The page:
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The Baggage Buyer
by Kathy Barnes
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A middle-aged man stood looking in the mirror. The reflection looking back at him was that of a much older man with thinning gray hair. His bent, crippled shoulder made it impossible for him to straighten his back. The man in the mirror reminded him of a house of cards stacked tall, and just waiting for the next card to bring the whole thing down. He longed to see the carefree boy, or the strong robust young man, who once lived inside this frame. Where did he go?

As a child he had been happy go lucky only seeking the pleasure of life. When he reached his teens, he had gotten a small carry-on bag. It was filled with “Will we win the big game?”, “Can I get a girlfriend?”, “Should I go to college or get a job?”, “How do I keep my parents off my back?”.

The bag became cramped and, in time, he had added a suitcase. It was filled with “Will I get in to the right college?”, “Is this the girl?” “Am I ready to be a husband, hold a job, and give up my freedom?”.

Shortly after that he had added another bag, this time filled with “Does my boss like me?”, “Will I get that next big promotion?”, “Am I networking with all the right people to get noticed?” and “Am I respected?”.

When his wife announced the blessed news that they were having their first child, the husband had gone out and bought the jumbo size suitcase. He filled it with, “Am I ready to be a father?” “Do I even know how?”, “We need a house, how will I pay for it?”, “Schools are expense, how can I pay for it?”, “What if something happens to me, or the baby gets sick?”, “Will my wife still love me and have time for me once the baby here?”. He had to force it closed, but he finally got all the “Why’s, What if’s, and How’s” inside it. They were threatening to jump out. Maybe he needed to get just one more bag.

As the years rolled a long, he kept accumulating more and more baggage. What he could easily carry in his youth now weighted him down. He felt as if he were crushing beneath its weight; his shoulders were unable to stand strong against its load. No longer could he run and play, but instead hobbled slowly straining to take each step. He had briefly thought of just running away from the life, the wife and kids, and starting over, but he was no coward.

Despair had brought him to his knees, and the beaten man cried out for help. The next day he ran into an old friend. He did not recognize the man at first for his friend was strong and full of joy. This friend had at one time looked worse than he had and he begged to know what made the difference. His friend told him to climb to the top of Calvary’s hill, that there was a man underneath an old rugged tree that was buying old luggage. He must have lost his mind, for the more garbage that was in the luggage the more he paid. The old man was not quite sure he believed, but he was desperate. He had tried everything else. What did he have to lose?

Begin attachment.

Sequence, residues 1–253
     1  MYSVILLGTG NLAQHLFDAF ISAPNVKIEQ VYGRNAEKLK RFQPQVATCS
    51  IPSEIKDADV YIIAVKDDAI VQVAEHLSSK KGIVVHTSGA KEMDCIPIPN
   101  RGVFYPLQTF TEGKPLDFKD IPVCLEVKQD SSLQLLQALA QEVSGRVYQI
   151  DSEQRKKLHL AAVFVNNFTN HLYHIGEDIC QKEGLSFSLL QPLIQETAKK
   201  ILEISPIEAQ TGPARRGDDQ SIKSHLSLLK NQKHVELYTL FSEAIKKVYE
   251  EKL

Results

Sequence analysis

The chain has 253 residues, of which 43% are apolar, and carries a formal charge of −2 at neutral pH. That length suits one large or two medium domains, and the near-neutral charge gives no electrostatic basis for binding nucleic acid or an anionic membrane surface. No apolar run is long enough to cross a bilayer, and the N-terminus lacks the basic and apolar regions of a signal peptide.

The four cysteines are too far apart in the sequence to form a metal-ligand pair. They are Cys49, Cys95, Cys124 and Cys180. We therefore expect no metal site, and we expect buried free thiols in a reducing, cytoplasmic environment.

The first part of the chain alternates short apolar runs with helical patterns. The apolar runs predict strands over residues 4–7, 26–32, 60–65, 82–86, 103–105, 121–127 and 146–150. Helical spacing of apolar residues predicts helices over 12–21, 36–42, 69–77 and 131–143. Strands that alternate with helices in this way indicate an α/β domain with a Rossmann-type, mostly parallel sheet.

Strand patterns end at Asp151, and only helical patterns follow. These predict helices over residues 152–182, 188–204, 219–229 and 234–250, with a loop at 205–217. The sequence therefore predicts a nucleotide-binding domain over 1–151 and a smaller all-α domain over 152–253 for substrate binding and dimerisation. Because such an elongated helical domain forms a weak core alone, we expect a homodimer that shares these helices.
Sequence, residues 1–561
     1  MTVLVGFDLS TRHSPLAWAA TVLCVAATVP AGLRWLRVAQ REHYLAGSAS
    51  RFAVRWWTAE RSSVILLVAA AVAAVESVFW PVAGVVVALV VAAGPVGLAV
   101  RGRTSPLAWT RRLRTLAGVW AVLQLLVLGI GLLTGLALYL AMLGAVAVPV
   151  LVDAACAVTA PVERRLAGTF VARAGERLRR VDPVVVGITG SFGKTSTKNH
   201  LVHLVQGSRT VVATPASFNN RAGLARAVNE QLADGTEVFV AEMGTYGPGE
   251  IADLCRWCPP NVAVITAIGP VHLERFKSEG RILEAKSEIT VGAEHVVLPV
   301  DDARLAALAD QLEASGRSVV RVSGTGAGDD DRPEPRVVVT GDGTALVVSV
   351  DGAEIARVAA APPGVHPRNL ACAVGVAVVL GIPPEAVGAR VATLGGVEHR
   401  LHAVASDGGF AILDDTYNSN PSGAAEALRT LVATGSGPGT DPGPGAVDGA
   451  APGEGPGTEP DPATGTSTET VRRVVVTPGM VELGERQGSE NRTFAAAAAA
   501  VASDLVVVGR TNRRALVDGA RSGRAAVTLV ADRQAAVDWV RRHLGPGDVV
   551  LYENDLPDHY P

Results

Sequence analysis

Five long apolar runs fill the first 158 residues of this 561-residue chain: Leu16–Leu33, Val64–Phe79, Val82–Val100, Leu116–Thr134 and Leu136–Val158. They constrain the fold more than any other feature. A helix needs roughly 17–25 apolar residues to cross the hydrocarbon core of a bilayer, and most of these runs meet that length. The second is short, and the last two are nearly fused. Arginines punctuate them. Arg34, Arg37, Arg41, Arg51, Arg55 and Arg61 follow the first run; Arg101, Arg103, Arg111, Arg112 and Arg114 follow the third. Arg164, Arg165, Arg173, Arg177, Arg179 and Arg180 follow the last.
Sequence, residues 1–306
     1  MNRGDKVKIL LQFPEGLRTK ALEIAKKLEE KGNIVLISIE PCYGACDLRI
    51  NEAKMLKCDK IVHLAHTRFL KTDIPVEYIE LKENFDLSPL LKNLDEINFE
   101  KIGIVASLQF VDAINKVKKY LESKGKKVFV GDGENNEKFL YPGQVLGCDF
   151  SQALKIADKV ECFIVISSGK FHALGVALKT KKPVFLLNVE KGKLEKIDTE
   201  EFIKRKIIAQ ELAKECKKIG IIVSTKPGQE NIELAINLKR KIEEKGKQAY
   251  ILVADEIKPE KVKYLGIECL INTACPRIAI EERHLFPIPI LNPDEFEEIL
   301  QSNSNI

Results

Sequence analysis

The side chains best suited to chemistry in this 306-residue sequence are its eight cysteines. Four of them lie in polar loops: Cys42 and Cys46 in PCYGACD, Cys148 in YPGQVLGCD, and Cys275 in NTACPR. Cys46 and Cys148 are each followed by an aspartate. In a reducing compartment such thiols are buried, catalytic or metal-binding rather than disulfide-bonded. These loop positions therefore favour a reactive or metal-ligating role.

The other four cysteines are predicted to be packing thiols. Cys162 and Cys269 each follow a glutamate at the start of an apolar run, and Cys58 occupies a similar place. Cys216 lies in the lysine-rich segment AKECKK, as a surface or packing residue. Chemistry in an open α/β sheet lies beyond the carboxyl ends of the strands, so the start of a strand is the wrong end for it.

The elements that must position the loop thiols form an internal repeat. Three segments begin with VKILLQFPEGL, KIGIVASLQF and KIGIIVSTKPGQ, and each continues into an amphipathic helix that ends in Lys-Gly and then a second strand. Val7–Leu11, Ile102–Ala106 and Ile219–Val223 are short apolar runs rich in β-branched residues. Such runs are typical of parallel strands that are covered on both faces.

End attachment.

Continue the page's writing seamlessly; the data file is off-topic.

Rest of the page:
His friend told him how invigorating and liberating the experience had been. His whole life was changed because of the baggage redeemer. Then his friend warned him to be careful. He said he knew it was crazy, but he had actually missed his bags, tried to go back and reclaim a few. They had been with him so long; he had to learn all over again how to live without them.

The old man had gotten up early and started up the hill. He met others come down from the hill. Some were running, singing and dancing; some were hiding afraid that they might run into someone they knew; some were hanging on to their baggage as if their life depended on it, while shouting, “Mine, Mine.”; and some cried out, “Not today, maybe tomorrow.” Many others were ahead of him, heading up the hill and he rushed ahead, as fast as his feeble legs and back would carry him. He had to get there before the buyer refused to take any more baggage. He needed someone to save him from himself. Its cost was more than he could pay and live.

Before the old broken dying man ever saw the baggage buyer, he saw suitcases- one on top of the other- reaching almost to heaven’s door. At the top of the hill was a man dressed in clean, crisp, pure white robes. His face seemed to shine bright as the sun. The buyer had holes in his hands and feet. The old man wondered if worry had eaten a hole in them.

The baggage redeemer said, “No, they were mark of love.” Then smiled at me and said, “Come My child, I have been looking for you. You have carried that burden way too long. I am here to take it off your hands; you were never meant to carry it alone.”

I too smiled, for I was not too late.

“Sit over here in my shadow; beside the river of peace. Release all your sorrows here and let my waters of love wash them away. There is bread of life to eat and the wine of everlasting mercy to refresh you trouble souls, just waiting for you on the banks of its shore. Rest in it pastures cool and green. Renew your anxious mind; I will keep watch over you. When you are ready to leave, drink heartily from my cup of joy, for it will heal your body and your soul. But come to me before you go and I will pour out my oil of blessing on you, until you can hold no more. They will not cause you any troubles.”

The old man left that hill a changed man, a new creation. His body revived and restored. He had power and hope. This new man knew that could face today and tomorrow, because he had been set free. The grace of the baggage buyer would be enough to see him through it. The master’s hands and heart had so filled him that he started looking for others to tell, about the wonders and awesome baggage buyer named Jesus Christ.

Kathy Barnes

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Cindy Barclay 21 Sep 2010
I really love your allegory!


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